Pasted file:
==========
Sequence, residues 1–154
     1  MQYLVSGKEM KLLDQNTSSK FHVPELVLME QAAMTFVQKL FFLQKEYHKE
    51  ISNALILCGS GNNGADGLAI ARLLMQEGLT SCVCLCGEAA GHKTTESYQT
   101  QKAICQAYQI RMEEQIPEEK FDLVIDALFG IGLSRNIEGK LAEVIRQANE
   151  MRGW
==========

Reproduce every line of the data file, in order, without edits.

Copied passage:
Sequence, residues 1–154
     1  MQYLVSGKEM KLLDQNTSSK FHVPELVLME QAAMTFVQKL FFLQKEYHKE
    51  ISNALILCGS GNNGADGLAI ARLLMQEGLT SCVCLCGEAA GHKTTESYQT
   101  QKAICQAYQI RMEEQIPEEK FDLVIDALFG IGLSRNIEGK LAEVIRQANE
   151  MRGW